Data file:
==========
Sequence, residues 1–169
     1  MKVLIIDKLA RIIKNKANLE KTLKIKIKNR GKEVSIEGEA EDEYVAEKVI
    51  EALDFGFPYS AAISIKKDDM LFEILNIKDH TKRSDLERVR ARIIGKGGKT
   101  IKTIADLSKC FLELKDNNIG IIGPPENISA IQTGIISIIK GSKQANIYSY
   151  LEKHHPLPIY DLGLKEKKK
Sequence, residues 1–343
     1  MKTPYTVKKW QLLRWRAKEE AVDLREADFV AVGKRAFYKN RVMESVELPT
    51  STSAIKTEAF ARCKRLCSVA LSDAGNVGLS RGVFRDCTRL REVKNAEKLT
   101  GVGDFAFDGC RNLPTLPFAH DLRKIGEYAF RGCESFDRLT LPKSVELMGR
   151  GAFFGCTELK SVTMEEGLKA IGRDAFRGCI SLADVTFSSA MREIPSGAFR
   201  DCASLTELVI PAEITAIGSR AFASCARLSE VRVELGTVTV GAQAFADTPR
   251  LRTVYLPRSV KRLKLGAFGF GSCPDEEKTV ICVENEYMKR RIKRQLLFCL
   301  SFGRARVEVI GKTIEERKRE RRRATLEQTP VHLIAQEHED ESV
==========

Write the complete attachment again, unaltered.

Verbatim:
Sequence, residues 1–169
     1  MKVLIIDKLA RIIKNKANLE KTLKIKIKNR GKEVSIEGEA EDEYVAEKVI
    51  EALDFGFPYS AAISIKKDDM LFEILNIKDH TKRSDLERVR ARIIGKGGKT
   101  IKTIADLSKC FLELKDNNIG IIGPPENISA IQTGIISIIK GSKQANIYSY
   151  LEKHHPLPIY DLGLKEKKK
Sequence, residues 1–343
     1  MKTPYTVKKW QLLRWRAKEE AVDLREADFV AVGKRAFYKN RVMESVELPT
    51  STSAIKTEAF ARCKRLCSVA LSDAGNVGLS RGVFRDCTRL REVKNAEKLT
   101  GVGDFAFDGC RNLPTLPFAH DLRKIGEYAF RGCESFDRLT LPKSVELMGR
   151  GAFFGCTELK SVTMEEGLKA IGRDAFRGCI SLADVTFSSA MREIPSGAFR
   201  DCASLTELVI PAEITAIGSR AFASCARLSE VRVELGTVTV GAQAFADTPR
   251  LRTVYLPRSV KRLKLGAFGF GSCPDEEKTV ICVENEYMKR RIKRQLLFCL
   301  SFGRARVEVI GKTIEERKRE RRRATLEQTP VHLIAQEHED ESV